Shootin' the Breeze

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Archive for the tag “sporting dogs”

Beau Gets a Friend


Duke is not a puppy.  He is a six year old German Shorthair Pointer.  Miss Sugar, my kind-hearted wife, saw on Craigslist that Duke needed a new home.  (I do not understand why she was looking at pet ads on Craigslist.)  As an historical note, we previously were owned by another German Shorthair Pointer, Rover, who was a wonderful dog.  Rover and Max, pictured above, got along well.  Sadly, both have passed on.

German Shorthair Pointers like to run.  They probably need to run.  The family that posted the ad had decided that their living situation was not meeting Duke’s needs for lots of room to run.  We have lots of room to run so Sugar said we would take him.  That happened yesterday.

Duke adjusted well to our family and home immediately.  We introduced him to Beau and Sadie, Yellow Labs, and the horses, and even a cat.

We took all the dogs for a long walk in the pasture, with Duke on a leash, to show him the place.  We took a chance letting him off the leash, hoping he would stay by the other dogs, and he did stay by them, sort of.  He runs circles around the rest of us.  Literally.  He runs in big circles.  But he came back.  That was yesterday.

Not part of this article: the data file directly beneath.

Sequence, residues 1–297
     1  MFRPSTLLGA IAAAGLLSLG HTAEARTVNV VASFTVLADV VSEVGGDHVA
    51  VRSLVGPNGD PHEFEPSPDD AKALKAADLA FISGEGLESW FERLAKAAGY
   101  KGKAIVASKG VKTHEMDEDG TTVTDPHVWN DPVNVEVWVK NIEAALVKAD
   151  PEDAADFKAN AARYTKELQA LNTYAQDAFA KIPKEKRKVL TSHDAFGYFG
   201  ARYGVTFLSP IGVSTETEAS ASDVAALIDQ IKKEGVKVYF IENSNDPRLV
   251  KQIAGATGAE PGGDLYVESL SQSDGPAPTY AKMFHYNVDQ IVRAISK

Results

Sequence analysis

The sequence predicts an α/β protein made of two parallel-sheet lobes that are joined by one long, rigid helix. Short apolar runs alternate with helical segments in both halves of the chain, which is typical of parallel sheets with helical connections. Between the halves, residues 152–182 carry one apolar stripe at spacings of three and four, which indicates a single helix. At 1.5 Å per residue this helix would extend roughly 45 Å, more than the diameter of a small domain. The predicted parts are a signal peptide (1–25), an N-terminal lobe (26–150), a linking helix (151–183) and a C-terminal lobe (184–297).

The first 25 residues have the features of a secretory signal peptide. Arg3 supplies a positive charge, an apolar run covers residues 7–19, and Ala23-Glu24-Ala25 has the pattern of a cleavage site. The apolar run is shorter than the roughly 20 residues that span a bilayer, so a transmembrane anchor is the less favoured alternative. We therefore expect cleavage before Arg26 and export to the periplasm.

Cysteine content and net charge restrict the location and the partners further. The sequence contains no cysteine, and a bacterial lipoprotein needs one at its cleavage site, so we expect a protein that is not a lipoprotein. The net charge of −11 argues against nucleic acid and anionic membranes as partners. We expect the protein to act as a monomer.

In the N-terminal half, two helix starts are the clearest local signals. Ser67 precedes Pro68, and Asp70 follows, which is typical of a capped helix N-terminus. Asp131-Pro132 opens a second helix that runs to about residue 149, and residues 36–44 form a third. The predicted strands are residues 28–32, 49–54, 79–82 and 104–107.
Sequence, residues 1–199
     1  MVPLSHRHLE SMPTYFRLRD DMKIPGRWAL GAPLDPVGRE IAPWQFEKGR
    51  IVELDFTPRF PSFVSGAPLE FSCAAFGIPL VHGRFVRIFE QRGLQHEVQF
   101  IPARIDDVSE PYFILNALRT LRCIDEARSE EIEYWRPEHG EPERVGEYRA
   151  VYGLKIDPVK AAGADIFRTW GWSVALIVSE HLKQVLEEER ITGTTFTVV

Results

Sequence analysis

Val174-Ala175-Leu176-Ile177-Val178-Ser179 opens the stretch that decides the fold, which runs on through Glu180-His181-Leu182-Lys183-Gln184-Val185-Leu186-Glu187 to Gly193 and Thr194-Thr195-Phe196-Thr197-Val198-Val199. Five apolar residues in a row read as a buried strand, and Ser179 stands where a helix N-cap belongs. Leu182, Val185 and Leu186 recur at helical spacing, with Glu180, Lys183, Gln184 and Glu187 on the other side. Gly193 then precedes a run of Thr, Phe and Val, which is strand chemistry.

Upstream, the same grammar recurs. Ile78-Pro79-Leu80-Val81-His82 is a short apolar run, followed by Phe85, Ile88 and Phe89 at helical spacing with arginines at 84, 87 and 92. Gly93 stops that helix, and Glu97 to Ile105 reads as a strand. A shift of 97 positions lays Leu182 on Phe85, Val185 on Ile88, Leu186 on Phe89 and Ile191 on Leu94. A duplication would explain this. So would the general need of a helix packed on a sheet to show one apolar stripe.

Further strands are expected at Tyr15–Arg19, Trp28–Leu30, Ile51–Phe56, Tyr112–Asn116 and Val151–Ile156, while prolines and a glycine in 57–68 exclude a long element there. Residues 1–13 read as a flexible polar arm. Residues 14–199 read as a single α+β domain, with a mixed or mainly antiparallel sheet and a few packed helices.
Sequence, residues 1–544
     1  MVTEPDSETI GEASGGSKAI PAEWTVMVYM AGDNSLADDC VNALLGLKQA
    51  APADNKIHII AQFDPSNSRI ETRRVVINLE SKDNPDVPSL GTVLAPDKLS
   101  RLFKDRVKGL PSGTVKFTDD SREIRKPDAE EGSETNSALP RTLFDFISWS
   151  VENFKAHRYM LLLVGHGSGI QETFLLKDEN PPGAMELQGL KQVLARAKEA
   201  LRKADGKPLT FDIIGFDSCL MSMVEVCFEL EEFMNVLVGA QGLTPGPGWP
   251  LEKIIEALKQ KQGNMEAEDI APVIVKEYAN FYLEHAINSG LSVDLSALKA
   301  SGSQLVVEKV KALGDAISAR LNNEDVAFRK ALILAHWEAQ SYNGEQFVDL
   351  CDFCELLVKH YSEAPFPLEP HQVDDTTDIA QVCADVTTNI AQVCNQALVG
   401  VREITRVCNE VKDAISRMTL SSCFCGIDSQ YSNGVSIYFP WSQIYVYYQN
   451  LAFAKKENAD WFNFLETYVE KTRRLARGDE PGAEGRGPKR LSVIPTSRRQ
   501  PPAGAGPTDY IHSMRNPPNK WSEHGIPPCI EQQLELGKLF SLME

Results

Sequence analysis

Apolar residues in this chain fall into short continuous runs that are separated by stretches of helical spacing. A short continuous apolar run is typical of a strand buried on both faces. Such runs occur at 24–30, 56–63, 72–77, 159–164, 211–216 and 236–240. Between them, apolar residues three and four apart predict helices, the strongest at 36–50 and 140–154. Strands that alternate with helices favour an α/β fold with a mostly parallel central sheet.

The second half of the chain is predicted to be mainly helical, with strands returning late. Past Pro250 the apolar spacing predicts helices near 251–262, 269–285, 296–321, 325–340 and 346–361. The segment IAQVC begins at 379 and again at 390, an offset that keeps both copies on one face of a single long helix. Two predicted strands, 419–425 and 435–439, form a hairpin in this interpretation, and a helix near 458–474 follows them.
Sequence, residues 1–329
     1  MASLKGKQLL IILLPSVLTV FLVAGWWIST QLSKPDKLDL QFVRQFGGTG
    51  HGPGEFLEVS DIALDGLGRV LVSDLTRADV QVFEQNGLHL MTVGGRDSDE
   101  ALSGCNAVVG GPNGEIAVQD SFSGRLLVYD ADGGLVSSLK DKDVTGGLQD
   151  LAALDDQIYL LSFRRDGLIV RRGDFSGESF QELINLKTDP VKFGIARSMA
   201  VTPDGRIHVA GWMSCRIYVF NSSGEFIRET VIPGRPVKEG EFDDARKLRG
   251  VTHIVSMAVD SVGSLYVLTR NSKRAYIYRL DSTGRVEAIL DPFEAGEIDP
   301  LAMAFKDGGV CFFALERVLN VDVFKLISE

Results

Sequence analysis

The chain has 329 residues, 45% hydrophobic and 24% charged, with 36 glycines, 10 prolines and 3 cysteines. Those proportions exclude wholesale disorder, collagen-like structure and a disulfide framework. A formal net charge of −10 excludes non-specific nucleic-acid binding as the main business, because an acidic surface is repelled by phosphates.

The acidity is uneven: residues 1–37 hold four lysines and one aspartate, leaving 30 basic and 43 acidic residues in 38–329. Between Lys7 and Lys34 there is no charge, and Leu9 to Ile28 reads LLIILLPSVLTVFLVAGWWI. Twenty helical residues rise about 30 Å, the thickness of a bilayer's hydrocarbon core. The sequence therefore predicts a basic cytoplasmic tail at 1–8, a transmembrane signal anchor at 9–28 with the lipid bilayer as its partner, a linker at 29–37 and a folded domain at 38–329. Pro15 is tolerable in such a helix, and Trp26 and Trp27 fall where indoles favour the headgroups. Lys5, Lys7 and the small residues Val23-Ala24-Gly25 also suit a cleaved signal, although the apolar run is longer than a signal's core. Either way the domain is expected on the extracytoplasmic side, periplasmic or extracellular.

Today, we took the crowd out for another “walk.”  Even the cat came.  Beau spotted some Pronghorns (antelope) and Duke was glad.  They chased the fastest land animals in North America.  Beau gave up after awhile.  Duke did not.  The Pronghorns and Duke all disappeared from sight.  Sugar and I worried that we had made a mistake letting Duke off the leash.

To our relief, he eventually returned.  Sugar met him with joy.  The prodigal son returned.

In the house, Duke is a gentleman.  He has accepted us.  And we have accepted him.

Beau seems glad to have another buddy.  They are both “sporting dogs.”  So they have that in common.  They are supposed to be bird dogs, of course.  That is what the antelopes would like them to be.  The rabbits in the vicinity also feel strongly in favor of these dogs sticking with retrieving birds.